Graduate Student Dissertations, Theses, Capstones, and Portfolios

Date of Award


Document Type


Granting Institution

Lynn University

Degree Name

Master of Science (MS)

Degree Program



College of Arts and Sciences


Dr. Kimberly Rowland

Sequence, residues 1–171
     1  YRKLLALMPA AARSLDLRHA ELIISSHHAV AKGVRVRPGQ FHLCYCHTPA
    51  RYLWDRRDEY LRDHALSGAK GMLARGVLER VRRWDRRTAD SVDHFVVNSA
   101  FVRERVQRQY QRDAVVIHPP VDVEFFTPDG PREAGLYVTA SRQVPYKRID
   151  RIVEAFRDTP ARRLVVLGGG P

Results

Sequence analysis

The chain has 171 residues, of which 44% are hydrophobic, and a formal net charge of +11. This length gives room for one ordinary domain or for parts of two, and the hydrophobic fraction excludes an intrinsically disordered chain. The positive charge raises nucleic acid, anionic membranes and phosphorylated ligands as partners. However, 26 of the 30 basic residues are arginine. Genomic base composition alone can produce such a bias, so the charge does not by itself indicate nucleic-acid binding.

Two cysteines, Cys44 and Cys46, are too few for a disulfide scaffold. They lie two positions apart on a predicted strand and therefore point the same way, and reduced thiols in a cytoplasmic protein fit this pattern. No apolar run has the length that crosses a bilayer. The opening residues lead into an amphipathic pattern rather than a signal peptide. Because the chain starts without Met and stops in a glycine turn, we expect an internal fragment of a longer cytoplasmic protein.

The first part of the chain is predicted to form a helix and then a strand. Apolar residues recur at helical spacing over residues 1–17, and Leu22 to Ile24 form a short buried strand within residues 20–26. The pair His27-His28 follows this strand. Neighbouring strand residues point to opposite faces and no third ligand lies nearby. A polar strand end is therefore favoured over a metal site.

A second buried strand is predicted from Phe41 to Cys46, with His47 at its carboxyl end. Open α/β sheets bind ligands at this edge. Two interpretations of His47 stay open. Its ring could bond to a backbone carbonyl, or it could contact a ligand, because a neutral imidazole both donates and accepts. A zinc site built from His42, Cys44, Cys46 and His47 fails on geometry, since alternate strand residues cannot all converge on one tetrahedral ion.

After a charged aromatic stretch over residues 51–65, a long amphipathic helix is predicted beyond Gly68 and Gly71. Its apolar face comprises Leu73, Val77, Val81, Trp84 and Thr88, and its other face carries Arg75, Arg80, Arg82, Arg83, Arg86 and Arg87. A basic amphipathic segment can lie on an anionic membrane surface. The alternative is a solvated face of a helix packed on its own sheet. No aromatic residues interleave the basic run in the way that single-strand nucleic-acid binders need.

Sickle cell anemia, an inherited disorder, causes red blood cells to contort into a disk or sickled shape becoming hard and sticky and obstructing blood flow. As the most common hemoglobinopathy, over 100,000 Americans in the US are affected by sickle cell disease. Sickle cell anemia is an inheritance of the abnormal sickle cell gene genetically transferred from both parents. Sickle cell anemia can be easily diagnosed in DNA through a blood test or genetic screening. With a 1 in 4 chance of inheriting copies of the sickle cell gene from both parents if both biological parents are carriers, the cause of sickle cell anemia is due to a single amino acid mutation due to a nucleotide polymorphism or variation typically due to a protein substitution. Individuals with sickle cell anemia may experience signs and symptoms while they are only a few months old. Common signs or symptoms related to this disease are severe headaches, unexplained numbness, confusion, or dizziness. The pathophysiology of sickle cell anemia or SCA relies on the genetics of endometrial dysfunction, HbS polymerization, sterile inflammation and vaso-occlusion. For inpatient hospital visits, sickle cell disease diagnosis was recorded in about 1.7% of whites, 3.9% of Hispanics and 87.5% of blacks (Fingar et al., 2019). Sickle cell anemia life expectancy is two decades shorter in adults compared to children and young adults. Several complications may arise with those infected by SCA, such areas include gallstones, kidney disease, splenic sequestration and may even cause blindness. There are a few management strategies from vitamin intake to bone marrow or stem cell transplant to subdue pain and complications of sickle cell anemia. Sickle cell anemia is a costly, long term health condition that commonly affects minorities. The low income community makes up approximately 92.5% of inpatient hospital visits for patients diagnosed with SCA. Because sickle cell anemia is a lifelong disease, complications that affect the nervous system of those with SCA may progress with age further exacerbating any symptoms associated with this disease. Sickle cell anemia has been known to lead to a decrease in cognitive attainment, strokes, and even neurological issues such as neuropathy that can result in paralysis. These reported neuropathies occurring in patients with sickle cell disease; are specific neuropathies like peripheral neuropathy, mental & mandibular nerve neuropathy and mononeuropathy multiple. Studies on cognitive activity provide evidence that individuals with SCA experience cognitive deficits in the absence of any injury to the central nervous system. IQ levels of patients with SCA were reported to be between 4-7 scaled points lower than that of those without the disease. Complications of sickle cell anemia can be fatal.


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